Saturday, August 23, 2008

Comme des Garçons 2 Man and Gucci Pour Homme

Gucci Pour Homme and Comme des Garçons 2 Men seem similar enough at first whiff that for a while now I’ve been inclined to dismiss one or the other as inevitably redundant. The similarities, as it turns out, are purely superficial.

Gucci Pour Homme was created in 2003 by Michel Almairac, the nose behind several Bond No. 9 fragrances (Bryant Park, Fire Island, Saks Fifth Avenue for Him, Scent of Peace, West Side), L’Artisan’s Voleur de Roses, Dunhill, Rochas Lui, and Casmir, among others.

Gucci can’t seem to make up its mind. How many Gucci Homme’s must there be, or is it the company's intention to confuse their consumer base? Before 2003 there was Gucci Pour Homme 1976. In 2007 Gucci Pour Homme II was released. This year, another Gucci Pour Homme has appeared, Gucci by Gucci.

Comme des Garons 2 Man was created by Marc Buxton in 2004, close on the heels of Gucci Pour Homme. Buxton is well known for his unusual creations at Comme des Garçons. In addition he has orchestrated fragrances for Versace, Salvador Dali, Cartier, and Paco Rabanne. Early on, he did some of the Alain Delon fragrances. Like Gucci Pour Homme, Commes des Garçons 2 Man is something of a muddle in terms of nomenclature. Its name implies something of a masculine flanker to Comme des Garçons 2, which until then seemed to have been considered by many a unisex scent.
These confusions only add to the seeming interchangeability of the two fragrances themselves. Smell them at a remove from one another and you might swear they’re virtually identical. I did, many times. Yet there are subtle and even distinct differences between the two. Both are anchored by leather, vetiver, and incense accords. This gives them a shared tone of tangy smokiness, but whereas CDG retains a strong orientation towards tangy, Gucci submerges itself under more smoke.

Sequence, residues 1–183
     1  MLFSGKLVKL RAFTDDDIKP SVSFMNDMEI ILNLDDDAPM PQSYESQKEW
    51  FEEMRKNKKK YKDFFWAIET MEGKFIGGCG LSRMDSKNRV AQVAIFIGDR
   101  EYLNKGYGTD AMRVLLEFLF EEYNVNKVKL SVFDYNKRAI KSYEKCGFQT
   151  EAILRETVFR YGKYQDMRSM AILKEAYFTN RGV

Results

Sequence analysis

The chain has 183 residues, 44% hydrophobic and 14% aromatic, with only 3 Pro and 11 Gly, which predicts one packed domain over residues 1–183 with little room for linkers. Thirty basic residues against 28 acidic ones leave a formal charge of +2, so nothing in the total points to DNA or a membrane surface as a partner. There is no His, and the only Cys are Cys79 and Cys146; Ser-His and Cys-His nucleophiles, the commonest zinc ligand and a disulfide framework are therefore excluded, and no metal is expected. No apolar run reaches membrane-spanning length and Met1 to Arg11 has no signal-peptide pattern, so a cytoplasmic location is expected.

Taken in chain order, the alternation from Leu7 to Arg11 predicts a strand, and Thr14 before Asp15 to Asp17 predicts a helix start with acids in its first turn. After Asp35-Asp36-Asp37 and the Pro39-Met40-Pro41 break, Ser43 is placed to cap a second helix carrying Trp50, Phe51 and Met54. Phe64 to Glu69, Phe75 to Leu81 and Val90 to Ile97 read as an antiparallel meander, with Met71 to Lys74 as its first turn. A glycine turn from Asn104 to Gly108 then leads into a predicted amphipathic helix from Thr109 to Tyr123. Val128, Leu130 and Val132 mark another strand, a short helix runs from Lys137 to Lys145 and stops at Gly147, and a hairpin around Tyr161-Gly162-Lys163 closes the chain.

Gucci is often considered a cedar fragrance, but you won’t find cedar in the pyramid. You will find olibanum, however. Like Guerlain Nahema, which conjures rose without actually employing it, Gucci manages to evoke something which isn’t there. Many people mistake olibanum for cedar and thus detect in Gucci Pour Homme the dreaded “pencil shavings”. Interestingly, olibanum typically has an orange aroma to it, which I don’t discern in Gucci Pour Homme, but I don’t discern pencil shavings either. Of the 123 customers sounding in on basenotes, many do. Perhaps that subtle aroma of citrus complicates what seems like a fairly linear scent in largely undetectable ways. There are ginger and white pepper up top and amber at the bottom, the latter probably contributing to the overall coniferous impression. Yet more than anything Gucci Pour Homme is the rich, oily but arid smell of burning incense, and a useful comparison can be made with YSL’s M7, the agarwood of which takes Gucci Pour Homme’s incense inclinations to their logical end points, and smells nothing like cedar but very much like Gucci Pour Homme--on steroids.

The top and middle notes of Comme des Garçons 2 Man are listed as white smoke, nutmeg, cumin, mahogany, saffron, iris, and nutmeg. The frankincense at the bottom can be smelled from the first, but it’s vetiver you apprehend most discernibly into the dry down. The vetiver note is made a little more complicated by cumin, nutmeg, and, according to Luca Turin, a big dose of aldehydes, which seem to wear off fairly quickly.

It might be the aldehydes which give some of the fragrance’s detractors an impression of synthetics. Either way, Comme des Garçons 2 is made more unusual by their inclusion, and though they leave quickly their effect createes a lasting impression, creating a singeing sensation, as though someone had struck a match to light incense and snuffed it, mingling the smells. Saffron adds an interesting touch, a tobacco or hay-like aroma. There's a lot going on in there. Comme des Garçons feels much more conceptual than Gucci Pour Homme, the picture it paints more vividly detailed, and it seems less linear for it.

Both have respectable sillage, though less than you’d expect from incense fragrances. Gucci Pour Homme is available at Perfumania. Comme des Garçons can be found online, or you can call the Perfume House in Portland, which stocks it. I own both now and find, however often they intersect as they develop, they stand alone quite well, too.

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